If ever a child was born with everything going for him, it was Robert Devereux, the 2nd Earl of Essex. His mother Lettice was first cousin to Queen Elizabeth I. When he was 10, Robert’s father died and he inherited a title, great wealth and vast estates.
Essex’s genes gave him great good looks, height, a good body, and gorgeous hair. At 12, he entered Trinity College. He was intelligent, cultured, educated, adored. And a poet. But when he was 13, his mother did something very unwise. She secretly married Elizabeth’s favorite, Robert Dudley. Elizabeth was beyond furious. She banned her cousin from court – for life!
Strangely – or maybe not – when Essex was still a teenager, the 50-something Elizabeth became enchanted with him. His stepfather was indeed her beloved Robin, and he may well have reminded Elizabeth of the young Robert Dudley.
Elizabeth was a master of make-up, a beguiler with jewels and clothes, a fine dancer and a great flirt. Essex absolutely believed that the queen was in love with him. And why not? She did grant him extraordinary indulgences, like allowing him to go unpunished after drawing his sword in her presence, an off-with-your-head offense.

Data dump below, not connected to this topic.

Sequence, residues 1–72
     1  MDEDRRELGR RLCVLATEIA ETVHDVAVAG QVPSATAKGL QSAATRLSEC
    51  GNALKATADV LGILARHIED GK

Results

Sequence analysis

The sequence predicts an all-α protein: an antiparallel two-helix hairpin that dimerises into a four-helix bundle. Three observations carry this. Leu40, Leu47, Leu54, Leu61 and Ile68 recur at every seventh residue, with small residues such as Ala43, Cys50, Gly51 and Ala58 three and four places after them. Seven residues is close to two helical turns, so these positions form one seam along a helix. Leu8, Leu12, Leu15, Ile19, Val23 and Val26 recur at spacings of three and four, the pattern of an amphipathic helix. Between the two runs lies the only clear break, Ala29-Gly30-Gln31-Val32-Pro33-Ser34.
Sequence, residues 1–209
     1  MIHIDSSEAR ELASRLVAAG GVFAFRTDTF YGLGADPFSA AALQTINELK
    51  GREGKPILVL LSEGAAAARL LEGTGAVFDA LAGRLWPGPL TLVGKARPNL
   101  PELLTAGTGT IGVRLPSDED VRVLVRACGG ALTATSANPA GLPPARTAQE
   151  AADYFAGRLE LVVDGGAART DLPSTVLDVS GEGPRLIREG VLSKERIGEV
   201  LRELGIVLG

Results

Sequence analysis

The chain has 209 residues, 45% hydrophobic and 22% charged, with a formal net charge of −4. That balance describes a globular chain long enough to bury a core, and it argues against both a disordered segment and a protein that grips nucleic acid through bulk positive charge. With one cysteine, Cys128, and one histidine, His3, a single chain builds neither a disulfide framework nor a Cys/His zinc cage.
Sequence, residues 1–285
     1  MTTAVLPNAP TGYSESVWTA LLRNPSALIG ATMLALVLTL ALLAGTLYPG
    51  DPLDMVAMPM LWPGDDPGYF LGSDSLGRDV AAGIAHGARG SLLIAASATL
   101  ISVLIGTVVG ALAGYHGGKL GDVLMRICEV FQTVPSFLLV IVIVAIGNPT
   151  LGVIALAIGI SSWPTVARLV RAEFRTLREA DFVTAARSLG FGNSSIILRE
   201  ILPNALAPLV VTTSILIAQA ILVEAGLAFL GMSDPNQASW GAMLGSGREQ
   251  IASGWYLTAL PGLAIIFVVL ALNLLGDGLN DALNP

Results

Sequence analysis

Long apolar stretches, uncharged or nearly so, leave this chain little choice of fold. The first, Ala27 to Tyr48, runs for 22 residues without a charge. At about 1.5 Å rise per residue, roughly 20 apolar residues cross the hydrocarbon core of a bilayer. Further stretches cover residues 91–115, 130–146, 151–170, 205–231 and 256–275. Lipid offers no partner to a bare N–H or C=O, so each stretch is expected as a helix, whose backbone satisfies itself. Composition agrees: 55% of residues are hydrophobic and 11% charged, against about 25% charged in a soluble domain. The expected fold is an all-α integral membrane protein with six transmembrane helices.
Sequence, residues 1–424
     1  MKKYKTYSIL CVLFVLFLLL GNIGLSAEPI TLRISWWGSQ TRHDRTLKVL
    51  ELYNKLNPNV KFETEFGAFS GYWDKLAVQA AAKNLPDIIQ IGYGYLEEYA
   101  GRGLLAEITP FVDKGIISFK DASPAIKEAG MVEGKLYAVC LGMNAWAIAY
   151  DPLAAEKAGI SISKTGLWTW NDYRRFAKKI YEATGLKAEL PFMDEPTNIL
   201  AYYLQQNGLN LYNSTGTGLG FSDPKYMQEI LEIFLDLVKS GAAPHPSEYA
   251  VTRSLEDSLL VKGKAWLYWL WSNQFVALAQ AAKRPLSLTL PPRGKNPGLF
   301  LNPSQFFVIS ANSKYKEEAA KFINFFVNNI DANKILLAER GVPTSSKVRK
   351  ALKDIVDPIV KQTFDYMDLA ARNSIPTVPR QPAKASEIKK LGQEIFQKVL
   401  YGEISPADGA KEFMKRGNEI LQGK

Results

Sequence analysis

When Elizabeth needed a governor-general for Ireland, Essex’s enemies convinced him he was the only man for the impossible job. Off he went in 1599, as headstrong and arrogant as ever. He failed. Returning to England against Elizabeth’s direct orders, he barged into her chambers before she had her wig, make-up, gown and jewels on. Essex, shocked by her appearance, called her a “carcass” to her face!
For this offense, Elizabeth confined Essex to his house in London. There, he foolishly got drawn into political intrigue and found himself at the head of a revolt, headed toward the Queen’s residence in London. With him was his mother Lettice’s third husband, young Christopher Blount.
Arrested for treason, Essex and Blount were imprisoned in the Tower. Elizabeth, who hated to kill anyone, agonized. In the end, she gave the order. Essex, 35, delivered an eloquent speech. It may have taken the swordsman as many as three whacks to sever his head. Blount soon followed. Elizabeth had beheaded her cousin’s husband and son. Elizabeth cloistered herself, refusing to speak for days.